Singapore – 132.  The men commemorated in Singapore are those of the 2nd Battalion who died during the 2nd Battalion defence of Malaya against the Japanese or subsequently in captivity:

    • 7 men are buried in the Kranji War Cemetery, including Second Lieutenant KR Yates, who died on 9th October 1942.
    • 48 men are commemorated on the Singapore Cremation Memorial, including the Battalion Subadar Major, Hari Sing Bora, who died on 21 May 1944 of wounds inflicted by the Japanese while a prisoner of war, Jemadar Kubahadur Rana who died on 11th March 1945, and Jemadar Dallu Gurung who died on 1st July 1944.
    • The Singapore Memorial commemorates 77 men, including the Commandant of the 2nd Battalion, Lieutenant Colonel Geoffrey Woolcombe, who was lost at sea while escaping from Singapore, Captain BC Hancock who was executed by the Japanese on 20th December 1942 after leading a break-out from the gaol he was in, Captain RHD Bucknall and Lieutenant DB Combe, who both died on 10th February 1942, Lieutenant MJ Dowty who died on 15th February 1942, Second Lieutenant FH Lovett, who died on 29th January 1942, and Subedar Pahalmansing who died on an unknown date in December 1944.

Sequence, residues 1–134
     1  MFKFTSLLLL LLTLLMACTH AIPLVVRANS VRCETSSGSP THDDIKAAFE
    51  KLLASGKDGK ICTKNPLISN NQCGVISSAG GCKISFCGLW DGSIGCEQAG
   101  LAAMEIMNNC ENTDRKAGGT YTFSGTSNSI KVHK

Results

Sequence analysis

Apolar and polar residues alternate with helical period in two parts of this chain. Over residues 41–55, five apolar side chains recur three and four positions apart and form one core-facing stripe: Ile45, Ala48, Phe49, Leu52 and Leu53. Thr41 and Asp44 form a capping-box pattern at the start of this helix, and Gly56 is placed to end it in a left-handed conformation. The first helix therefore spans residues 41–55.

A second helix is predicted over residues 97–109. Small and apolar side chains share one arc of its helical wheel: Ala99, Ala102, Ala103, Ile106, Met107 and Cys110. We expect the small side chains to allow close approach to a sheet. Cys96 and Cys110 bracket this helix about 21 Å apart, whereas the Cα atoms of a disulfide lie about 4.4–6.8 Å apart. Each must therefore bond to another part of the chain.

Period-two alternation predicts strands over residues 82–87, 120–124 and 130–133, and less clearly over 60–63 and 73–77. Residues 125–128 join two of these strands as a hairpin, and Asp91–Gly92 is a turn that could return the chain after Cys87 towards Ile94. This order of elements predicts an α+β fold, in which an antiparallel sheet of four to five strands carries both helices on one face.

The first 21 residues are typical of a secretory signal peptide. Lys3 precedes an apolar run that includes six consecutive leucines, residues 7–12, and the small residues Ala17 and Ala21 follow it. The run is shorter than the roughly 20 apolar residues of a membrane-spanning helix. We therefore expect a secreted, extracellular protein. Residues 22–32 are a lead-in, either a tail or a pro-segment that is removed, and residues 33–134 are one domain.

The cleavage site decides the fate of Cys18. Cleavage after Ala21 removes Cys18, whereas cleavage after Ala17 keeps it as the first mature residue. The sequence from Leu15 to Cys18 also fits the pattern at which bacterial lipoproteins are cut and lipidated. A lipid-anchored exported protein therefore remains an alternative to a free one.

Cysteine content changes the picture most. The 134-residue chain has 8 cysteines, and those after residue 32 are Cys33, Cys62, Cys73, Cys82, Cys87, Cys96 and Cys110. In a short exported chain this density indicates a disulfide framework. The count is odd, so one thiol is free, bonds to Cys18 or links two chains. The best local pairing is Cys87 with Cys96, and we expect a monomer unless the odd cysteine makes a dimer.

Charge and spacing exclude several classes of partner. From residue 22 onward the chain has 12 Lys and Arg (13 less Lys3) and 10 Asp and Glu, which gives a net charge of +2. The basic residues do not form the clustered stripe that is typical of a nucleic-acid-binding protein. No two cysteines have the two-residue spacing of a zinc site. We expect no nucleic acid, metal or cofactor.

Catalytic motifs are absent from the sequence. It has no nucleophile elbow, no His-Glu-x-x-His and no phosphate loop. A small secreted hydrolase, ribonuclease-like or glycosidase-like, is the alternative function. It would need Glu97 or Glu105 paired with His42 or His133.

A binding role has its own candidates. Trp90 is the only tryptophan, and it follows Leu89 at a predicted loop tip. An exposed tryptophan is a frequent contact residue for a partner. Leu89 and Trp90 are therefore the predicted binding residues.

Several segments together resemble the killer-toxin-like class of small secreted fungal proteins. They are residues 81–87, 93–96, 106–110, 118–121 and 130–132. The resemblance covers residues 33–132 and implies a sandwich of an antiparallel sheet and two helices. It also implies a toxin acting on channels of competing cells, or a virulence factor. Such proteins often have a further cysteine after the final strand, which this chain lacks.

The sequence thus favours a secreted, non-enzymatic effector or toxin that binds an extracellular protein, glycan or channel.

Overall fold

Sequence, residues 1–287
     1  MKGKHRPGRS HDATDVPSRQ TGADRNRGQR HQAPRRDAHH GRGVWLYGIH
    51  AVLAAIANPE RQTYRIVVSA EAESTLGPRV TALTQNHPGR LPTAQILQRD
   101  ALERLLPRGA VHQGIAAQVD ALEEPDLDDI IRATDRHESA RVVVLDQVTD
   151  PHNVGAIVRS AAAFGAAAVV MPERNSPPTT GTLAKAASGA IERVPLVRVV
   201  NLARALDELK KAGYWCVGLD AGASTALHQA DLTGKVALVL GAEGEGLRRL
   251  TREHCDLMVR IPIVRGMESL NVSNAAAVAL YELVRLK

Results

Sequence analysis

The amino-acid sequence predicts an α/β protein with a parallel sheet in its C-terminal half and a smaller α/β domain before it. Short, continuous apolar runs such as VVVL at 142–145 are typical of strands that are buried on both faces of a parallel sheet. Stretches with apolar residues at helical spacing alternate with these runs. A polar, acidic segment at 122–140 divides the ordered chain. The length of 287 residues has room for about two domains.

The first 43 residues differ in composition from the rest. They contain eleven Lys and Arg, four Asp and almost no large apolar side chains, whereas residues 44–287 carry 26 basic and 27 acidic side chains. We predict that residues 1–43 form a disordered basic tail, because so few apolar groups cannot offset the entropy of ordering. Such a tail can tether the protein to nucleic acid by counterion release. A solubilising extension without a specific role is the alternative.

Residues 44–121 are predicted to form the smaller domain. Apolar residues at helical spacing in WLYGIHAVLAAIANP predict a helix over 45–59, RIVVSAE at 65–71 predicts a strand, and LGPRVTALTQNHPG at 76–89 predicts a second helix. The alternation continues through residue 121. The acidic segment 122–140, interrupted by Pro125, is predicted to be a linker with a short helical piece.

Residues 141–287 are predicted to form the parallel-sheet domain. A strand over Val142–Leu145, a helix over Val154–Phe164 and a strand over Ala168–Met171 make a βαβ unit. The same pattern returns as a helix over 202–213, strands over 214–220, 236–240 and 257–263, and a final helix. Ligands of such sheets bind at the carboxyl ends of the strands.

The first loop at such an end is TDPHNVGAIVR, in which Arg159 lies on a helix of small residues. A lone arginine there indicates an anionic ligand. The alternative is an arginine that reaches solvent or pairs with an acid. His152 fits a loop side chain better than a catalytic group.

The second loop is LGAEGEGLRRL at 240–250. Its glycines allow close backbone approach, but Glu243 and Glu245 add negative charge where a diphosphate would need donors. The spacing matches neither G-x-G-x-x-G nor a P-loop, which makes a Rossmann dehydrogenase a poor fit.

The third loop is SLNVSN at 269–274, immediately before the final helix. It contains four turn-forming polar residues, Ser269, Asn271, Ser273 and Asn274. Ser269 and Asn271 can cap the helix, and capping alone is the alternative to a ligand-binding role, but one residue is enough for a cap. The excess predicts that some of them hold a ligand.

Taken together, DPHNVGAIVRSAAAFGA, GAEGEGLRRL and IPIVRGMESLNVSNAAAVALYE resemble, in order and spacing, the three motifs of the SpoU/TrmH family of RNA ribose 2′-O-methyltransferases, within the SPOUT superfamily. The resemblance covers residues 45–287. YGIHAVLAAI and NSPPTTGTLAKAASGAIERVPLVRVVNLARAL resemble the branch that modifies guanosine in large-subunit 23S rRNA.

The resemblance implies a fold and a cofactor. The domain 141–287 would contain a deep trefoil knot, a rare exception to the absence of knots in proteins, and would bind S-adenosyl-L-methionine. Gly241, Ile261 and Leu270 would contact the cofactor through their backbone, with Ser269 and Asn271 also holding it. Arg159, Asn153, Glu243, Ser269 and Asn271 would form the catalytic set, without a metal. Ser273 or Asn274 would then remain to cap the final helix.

Tunisia – 26.  22 men of the 1st Battalion are commemorated on the Medjez-El-Bab Memorial, and a further 4 are buried in the Sfax War Cemetery.

Casualties after the Second World War and Partition (1948-1994)

Appendix A to Volume 4 of the Regimental History gives a detailed Roll of Honour of those who were killed or died while serving with the Regiment in the postwar period, a total of 192 officers and men and one civilian mess waiter.  This number includes 8 British Officers or Gurkha Commissioned Officers and 13 King’s or Queen’s Gurkha Officers.

62 of these were killed in action, all in Malaya apart from 7 in Borneo.  28 were killed on active service, 6 in Borneo and the rest in Malaya, and one went missing.

28 died in accidents in various locations round the world where the Battalions were serving, and in Nepal.   A further 74 died of natural causes while serving, again in many different locations.